A bald eagle waged an attack on a drone eventually dropping it on the bottom of lake Michigan.
The pilot of the ill-fated US$ 950 drone belonged to Hunter King of the Michigan Department of Environment, Great Lakes, and Energy (EGLE).
King was mapping shoreline erosion when the drone he was flying was attacked last month.
He had completed seven minutes of the flight when he began having reception problems. King pressed the button to recall the drone.
From his video feed, he saw the drone make its way home. Suddenly, it started careening through the air as its speed dropped from 22 mph. to 10 mph. As it plummeted, the drone’s propeller was torn off and King was bombarded with warning messages.
It didn’t take long for King to find the culprit of the attack on the $950 drone — he spotted an eagle flying from the scene of the crime.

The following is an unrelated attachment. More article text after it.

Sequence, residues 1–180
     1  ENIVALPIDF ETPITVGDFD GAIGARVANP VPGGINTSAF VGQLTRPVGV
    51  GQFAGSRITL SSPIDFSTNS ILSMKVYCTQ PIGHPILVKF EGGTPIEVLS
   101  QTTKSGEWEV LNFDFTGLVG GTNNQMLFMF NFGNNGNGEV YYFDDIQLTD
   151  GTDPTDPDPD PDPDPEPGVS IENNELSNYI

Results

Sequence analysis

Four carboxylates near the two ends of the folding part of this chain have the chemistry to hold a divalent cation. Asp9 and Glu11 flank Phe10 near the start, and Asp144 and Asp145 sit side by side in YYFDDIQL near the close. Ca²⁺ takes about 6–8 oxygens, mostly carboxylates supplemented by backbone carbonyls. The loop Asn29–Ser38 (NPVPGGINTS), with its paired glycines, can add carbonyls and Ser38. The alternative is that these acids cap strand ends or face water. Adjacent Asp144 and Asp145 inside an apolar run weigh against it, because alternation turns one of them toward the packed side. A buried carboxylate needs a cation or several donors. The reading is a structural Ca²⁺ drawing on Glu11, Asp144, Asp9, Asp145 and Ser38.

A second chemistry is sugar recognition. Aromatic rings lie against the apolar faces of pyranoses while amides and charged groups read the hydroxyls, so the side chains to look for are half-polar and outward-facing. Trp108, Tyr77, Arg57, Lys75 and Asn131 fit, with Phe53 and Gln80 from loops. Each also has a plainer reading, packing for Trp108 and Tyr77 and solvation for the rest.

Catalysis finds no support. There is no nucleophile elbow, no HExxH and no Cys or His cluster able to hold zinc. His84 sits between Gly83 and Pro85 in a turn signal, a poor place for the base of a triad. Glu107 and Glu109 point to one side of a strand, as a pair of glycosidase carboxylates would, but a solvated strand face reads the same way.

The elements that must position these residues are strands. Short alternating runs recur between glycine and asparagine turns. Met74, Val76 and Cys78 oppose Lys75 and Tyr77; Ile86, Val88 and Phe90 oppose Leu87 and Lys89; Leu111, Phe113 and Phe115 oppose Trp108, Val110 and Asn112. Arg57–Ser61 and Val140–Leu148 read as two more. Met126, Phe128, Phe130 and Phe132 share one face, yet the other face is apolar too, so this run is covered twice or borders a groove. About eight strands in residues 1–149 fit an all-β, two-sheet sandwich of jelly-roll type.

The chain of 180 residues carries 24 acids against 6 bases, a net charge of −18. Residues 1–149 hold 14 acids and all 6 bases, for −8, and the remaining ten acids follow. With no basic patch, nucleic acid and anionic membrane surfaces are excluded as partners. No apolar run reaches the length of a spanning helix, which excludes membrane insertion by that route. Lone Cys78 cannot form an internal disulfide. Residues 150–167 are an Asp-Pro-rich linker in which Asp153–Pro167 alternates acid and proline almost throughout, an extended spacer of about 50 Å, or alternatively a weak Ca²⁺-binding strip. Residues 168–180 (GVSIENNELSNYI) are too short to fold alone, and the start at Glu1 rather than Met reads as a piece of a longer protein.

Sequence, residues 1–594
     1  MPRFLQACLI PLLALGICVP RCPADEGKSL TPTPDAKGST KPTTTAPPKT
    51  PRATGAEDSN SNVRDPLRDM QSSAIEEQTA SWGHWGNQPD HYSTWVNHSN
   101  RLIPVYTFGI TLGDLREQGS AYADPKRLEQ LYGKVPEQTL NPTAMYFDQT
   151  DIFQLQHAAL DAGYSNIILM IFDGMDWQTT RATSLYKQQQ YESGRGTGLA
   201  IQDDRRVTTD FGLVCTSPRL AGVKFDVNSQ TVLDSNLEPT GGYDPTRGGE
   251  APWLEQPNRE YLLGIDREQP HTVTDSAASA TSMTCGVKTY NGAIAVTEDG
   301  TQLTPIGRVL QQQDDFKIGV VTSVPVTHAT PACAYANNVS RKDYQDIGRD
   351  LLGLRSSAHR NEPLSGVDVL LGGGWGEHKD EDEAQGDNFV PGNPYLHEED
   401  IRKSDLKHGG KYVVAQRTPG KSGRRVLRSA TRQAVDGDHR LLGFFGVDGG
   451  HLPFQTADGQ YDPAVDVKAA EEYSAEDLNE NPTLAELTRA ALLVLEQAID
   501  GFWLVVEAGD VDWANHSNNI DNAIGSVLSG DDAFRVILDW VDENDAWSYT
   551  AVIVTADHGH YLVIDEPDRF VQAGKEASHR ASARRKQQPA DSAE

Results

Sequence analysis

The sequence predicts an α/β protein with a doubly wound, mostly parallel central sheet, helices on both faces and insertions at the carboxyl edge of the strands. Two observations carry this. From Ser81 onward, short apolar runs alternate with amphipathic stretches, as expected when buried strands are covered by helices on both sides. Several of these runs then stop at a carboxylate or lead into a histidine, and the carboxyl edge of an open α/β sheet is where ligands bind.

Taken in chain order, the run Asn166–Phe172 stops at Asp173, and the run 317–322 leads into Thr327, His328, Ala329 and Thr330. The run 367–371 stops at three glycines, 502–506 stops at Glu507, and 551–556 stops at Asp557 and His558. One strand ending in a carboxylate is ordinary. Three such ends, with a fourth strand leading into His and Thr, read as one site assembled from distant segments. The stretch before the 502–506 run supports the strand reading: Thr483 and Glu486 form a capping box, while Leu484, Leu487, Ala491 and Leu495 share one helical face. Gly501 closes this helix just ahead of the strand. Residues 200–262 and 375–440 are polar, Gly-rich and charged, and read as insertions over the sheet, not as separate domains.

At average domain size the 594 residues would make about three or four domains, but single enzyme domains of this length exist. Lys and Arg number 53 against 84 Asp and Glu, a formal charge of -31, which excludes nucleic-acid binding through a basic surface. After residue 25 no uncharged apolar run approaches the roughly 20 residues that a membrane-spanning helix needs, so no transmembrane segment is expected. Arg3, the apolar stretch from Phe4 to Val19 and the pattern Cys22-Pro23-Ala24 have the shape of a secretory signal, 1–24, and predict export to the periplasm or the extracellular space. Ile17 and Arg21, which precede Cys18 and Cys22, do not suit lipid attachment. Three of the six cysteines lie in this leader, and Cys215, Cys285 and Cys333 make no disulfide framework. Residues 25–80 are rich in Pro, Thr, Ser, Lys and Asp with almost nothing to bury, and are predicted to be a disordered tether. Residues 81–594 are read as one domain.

The motive for the attack is most likely territorial dispute, hunger.
King started a search for the drone with a couple who had witnessed the aerial assault. Hours of searching the shore failed to turn up the broken drone. Days later, after getting precise data for where the drone fell 150 feet offshore in four feet of water
It seems the drone has been claimed by the waters of the Great Lake.
While the attack is unfortunate, it points to a thriving eagle population. A 2019 U.S. Fish and Wildlife Service survey showed 849 active nesting sites in Michigan, up from a low point of 76 nesting sites in the 1970s.